EAT decision concerning the use of the power to strike out where implied terms are in dispute
Alex Ustych represented the successful appellant, Mr. Bonkay-Kamara, in an appeal (Bonkay-Kamara v. APCOA Parking UK Ltd.) concerning unlawful deduction from wages by his former employer, a global parking company. The appellant worked as a car park Administrator for a number of years and later ‘acted up’ as a Contract Manager after his supervisor had left the company. He was not issued with a contract to reflect the new role and was not remunerated at the Manager’s level whilst ‘acting up’. He brought a Tribunal claim on the basis that he was entitled to a higher salary, either with reference to an implied term in his contract (established via custom and practice) or as such sums were “otherwise” payable to him (within the broad s.27 Employment Rights Act 1996 definition of ‘wages’).
The Respondent applied for a Pre-Hearing Review in order to strike out this claim. The Tribunal initially decided that no PHR would be held, as it would be proper to decide the case at a full hearing. However, following further representations from the Respondent, the Tribunal reversed its decision and held a PHR. At the PHR (where Mr. Bonkay-Kamara was not represented by counsel), his claim was struck out on the basis that there was no implied term which entitled him to a higher salary than that recorded in his contract.
In the EAT, before Mr. Recorder Luba QC, the appellant argued that (1) the Tribunal had no jurisdiction to reverse its earlier decision and thus hold the PHR, absent any material change in circumstances and (2) that the Tribunal erred in law by striking out the claim without hearing evidence on the existence or otherwise of an implied term (and did not take the claimant’s case at its pleaded highest).
The EAT upheld both grounds of appeal, ruling that the Tribunal’s broad case management powers did not extend to re-making an existing case management decision where there has been no material change in circumstances and there was therefore no jurisdiction to hold the PHR (the strike-out decision thus a nullity). In doing so, the EAT applied the decision in Goldman Sachs Services Ltd v F M Montali  ICR 1251 (in spite of the Respondent’s submission that Montali did not apply as it was decided under the 2001 Rules). The EAT also held that “no reasonable employment judge properly directing herself could have determined that the proper course was to strike-out” a claim where the existence of an implied term was in dispute, as this required findings of fact in relation to the parties’ understanding as well as custom and practice.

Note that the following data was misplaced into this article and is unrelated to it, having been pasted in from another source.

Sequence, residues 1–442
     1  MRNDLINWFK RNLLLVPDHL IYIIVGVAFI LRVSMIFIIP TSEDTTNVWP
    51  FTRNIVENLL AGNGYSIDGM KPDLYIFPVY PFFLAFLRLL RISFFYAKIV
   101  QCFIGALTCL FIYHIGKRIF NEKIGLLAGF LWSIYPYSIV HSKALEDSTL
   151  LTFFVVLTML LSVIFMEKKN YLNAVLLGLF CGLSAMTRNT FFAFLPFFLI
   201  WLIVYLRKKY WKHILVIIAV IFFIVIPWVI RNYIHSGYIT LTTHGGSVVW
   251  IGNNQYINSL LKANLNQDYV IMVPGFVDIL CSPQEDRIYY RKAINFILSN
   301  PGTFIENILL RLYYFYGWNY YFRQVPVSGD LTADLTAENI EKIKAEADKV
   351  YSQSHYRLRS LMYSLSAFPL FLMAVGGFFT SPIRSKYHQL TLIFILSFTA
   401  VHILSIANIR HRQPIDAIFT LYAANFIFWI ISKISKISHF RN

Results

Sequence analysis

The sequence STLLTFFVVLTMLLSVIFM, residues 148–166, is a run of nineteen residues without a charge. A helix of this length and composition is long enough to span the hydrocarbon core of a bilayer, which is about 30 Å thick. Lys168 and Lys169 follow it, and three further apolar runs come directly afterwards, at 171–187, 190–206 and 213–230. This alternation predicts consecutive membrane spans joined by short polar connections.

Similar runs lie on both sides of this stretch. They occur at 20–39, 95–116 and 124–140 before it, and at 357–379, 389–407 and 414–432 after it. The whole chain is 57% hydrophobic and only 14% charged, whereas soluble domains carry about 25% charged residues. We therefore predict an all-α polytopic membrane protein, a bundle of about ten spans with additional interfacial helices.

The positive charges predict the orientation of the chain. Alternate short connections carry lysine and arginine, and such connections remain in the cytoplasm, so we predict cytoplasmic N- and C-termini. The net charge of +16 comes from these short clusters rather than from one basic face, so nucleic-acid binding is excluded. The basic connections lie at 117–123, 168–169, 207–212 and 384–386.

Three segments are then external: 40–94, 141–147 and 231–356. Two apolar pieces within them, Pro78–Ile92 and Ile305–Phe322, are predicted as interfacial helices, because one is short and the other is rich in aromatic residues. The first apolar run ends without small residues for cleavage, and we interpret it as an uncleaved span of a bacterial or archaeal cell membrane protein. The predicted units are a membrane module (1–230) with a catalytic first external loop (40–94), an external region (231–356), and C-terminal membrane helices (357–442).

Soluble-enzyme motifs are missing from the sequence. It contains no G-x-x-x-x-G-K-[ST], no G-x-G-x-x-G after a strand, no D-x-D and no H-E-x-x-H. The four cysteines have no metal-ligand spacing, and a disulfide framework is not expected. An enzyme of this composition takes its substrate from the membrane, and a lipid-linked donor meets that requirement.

This decision is important in that it establishes that a Tribunal cannot lawfully ‘change its mind’ in relation to a case management decision (even in the face of repeated and forceful representations by the party disagreeing with its initial decision) unless there has been a material change of circumstances. The decision also suggests that Tribunals should be slow to strike out claims where the parties dispute the existence of an implied term, because hearing evidence as to the parties’ understanding is crucial to determining if such a term ever existed.
Alex frequently appears in the Employment Tribunals and in the EAT, with a particular emphasis on whistleblowing and disability discrimination cases (both for employers and employees). He is co-authoring ‘The Employment Tribunals Handbook’ (4th edition) with Alan Payne and John-Paul Waite, focusing on the changes to employment law and procedure implemented in 2013.